Across the Atlantic, meanwhile, Spanish data suggests another major demographic shift pertaining to immigration. According to the National Statistics Institute (INE) the number of migrants from Latin America dropped between January 2010 and the first month of this year. During that time period, the number of residents from Ecuador fell by 10.1% while there was a 9.3% decrease in the number of Argentines and Brazilians.
The decrease in Latin Americans living in Spain was somewhat offset by a boost of migrants from E.U. member countries, which explains why one local official in Valencia said that the community has become “Europeanized.” Nevertheless, the number of foreign-born residents declined by 0.3% to 5.7 million; hence, the first national decrease since 1998.
The faltering Spanish economy could be to blame for the decreasing number of Latin Americans in Spain. Indeed, a Migration Policy Institute report released in March noted, “Perhaps due to the reduced economic demand, the number of new arrivals in Spain has also decreased significantly”.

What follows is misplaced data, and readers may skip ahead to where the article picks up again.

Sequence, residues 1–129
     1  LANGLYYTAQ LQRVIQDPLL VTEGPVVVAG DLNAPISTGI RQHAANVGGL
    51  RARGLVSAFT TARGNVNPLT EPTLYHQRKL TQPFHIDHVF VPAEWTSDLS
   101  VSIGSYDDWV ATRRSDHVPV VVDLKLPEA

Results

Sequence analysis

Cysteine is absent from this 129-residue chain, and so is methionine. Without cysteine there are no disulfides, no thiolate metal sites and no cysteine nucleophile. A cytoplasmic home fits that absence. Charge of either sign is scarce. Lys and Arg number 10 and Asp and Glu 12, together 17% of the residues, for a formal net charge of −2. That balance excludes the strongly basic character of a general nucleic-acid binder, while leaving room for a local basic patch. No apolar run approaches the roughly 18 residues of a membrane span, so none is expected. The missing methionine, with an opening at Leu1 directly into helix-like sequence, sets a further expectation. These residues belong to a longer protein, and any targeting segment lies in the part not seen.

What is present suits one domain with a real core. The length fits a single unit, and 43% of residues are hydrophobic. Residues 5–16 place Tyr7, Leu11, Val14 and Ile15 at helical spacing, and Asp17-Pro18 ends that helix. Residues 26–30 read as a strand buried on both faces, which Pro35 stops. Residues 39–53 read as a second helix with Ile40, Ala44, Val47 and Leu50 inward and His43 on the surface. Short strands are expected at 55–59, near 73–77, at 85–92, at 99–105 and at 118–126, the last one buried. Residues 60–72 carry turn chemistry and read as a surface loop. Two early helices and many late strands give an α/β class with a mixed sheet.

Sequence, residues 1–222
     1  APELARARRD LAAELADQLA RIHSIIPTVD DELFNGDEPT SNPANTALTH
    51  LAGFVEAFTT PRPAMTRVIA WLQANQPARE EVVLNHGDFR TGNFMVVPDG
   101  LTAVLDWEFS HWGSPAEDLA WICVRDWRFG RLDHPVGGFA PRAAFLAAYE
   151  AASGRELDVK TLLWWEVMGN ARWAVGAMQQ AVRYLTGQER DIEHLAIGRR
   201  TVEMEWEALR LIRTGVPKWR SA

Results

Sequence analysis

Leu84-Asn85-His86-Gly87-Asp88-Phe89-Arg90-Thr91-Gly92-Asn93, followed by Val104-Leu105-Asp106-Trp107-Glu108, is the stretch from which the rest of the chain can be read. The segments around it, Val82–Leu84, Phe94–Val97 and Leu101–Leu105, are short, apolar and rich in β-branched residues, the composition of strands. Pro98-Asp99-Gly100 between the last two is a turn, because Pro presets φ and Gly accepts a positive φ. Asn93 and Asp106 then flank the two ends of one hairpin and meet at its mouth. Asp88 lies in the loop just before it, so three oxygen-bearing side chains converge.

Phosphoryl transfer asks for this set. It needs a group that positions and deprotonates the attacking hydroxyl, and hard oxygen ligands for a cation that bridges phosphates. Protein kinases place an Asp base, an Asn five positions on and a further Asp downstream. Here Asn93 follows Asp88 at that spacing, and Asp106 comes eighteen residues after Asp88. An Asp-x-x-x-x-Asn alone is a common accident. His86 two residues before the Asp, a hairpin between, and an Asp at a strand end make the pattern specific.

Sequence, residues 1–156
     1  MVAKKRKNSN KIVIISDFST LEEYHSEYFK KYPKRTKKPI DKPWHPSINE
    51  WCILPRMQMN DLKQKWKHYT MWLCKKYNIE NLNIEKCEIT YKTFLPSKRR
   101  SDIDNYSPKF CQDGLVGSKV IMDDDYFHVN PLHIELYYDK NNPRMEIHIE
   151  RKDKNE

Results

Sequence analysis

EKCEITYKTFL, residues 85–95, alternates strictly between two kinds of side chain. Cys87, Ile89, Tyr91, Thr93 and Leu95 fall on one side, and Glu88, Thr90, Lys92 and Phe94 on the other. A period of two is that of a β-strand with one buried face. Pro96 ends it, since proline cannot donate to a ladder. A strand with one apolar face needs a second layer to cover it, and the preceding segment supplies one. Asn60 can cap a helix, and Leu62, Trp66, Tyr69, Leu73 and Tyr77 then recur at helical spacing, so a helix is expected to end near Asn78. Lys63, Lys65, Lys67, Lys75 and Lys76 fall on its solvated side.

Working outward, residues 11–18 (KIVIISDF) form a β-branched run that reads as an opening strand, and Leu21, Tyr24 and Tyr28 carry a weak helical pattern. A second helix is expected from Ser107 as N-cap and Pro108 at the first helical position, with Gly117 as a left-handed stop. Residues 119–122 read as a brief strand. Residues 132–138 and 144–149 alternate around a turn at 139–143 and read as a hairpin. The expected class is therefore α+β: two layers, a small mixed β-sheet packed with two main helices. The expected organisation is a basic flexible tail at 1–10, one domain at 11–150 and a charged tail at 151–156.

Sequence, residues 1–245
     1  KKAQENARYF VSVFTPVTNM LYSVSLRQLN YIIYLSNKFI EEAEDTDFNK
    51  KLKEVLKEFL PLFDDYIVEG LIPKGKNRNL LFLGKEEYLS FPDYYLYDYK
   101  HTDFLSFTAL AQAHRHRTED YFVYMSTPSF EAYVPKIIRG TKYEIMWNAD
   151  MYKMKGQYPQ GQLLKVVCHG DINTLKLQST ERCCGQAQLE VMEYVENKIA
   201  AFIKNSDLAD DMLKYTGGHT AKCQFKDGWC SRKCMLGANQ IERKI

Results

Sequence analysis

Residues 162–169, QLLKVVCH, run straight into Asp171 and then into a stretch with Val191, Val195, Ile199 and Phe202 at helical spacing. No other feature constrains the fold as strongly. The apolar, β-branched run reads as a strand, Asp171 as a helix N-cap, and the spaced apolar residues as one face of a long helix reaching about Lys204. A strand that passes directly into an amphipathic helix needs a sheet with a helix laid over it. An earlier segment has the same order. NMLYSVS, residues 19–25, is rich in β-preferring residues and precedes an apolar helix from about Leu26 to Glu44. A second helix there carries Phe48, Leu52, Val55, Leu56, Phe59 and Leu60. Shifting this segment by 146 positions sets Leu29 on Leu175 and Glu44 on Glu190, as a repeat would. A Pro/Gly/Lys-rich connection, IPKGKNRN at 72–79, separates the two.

With limited opportunities in Spain, a BBC Mundo article claimed that migrants have looked elsewhere including Latin American countries with healthier economies than Spain:
(According to Ecuadorian Immigration Secretary Lorena Escudero) some migrants opt for other European countries including the United Kingdom, France, Germany, Belgium, and Italy.Image- Getty Images via BBC News (“Spain's unemployment rate is double the average for the Eurozone.”)
This may possibly be occurring with migrants from Argentina and Brazil. Though in the case of the latter many Brazilians may be convince tor return home due to the good progress of Brazil’s economy.
Online Sources- CSMonitor.com, La Republica, El Mundo, Migration Policy Institute, Publico.es, BBC Mundo